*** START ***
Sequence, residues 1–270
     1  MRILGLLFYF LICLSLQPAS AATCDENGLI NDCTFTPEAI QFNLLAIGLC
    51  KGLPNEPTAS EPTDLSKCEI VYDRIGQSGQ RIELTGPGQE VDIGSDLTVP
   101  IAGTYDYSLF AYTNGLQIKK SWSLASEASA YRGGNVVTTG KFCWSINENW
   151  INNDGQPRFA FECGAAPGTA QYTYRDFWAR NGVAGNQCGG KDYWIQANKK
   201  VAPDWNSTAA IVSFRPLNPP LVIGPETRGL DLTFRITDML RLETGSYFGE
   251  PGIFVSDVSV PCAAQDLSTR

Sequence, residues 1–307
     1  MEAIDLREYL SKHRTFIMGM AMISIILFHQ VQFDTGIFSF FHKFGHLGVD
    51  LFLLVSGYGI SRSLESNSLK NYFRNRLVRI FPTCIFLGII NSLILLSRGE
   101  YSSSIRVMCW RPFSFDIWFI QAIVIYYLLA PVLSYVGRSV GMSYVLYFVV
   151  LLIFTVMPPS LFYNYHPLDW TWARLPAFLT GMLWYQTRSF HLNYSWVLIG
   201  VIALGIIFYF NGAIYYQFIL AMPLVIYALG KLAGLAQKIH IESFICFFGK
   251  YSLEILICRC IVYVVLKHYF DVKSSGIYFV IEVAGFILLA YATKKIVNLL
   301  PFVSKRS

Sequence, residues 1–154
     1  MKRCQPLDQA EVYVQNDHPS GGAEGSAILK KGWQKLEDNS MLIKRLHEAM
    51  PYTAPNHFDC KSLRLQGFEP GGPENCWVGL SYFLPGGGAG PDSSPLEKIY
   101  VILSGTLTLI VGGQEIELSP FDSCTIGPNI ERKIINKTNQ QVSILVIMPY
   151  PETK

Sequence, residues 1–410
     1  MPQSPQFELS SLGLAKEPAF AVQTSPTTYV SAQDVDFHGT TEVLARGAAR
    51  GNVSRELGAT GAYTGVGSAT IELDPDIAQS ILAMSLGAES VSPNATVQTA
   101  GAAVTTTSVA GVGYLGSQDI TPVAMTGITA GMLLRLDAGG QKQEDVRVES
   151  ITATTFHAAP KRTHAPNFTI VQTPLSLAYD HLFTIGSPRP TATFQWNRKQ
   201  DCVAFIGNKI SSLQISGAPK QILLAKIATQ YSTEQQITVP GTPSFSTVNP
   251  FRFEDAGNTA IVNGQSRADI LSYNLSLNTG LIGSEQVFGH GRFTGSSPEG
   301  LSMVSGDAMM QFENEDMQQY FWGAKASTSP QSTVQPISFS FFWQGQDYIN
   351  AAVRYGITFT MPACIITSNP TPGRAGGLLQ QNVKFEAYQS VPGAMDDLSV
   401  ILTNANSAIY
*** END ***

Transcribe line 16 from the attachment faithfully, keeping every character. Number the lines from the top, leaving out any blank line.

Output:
Sequence, residues 1–154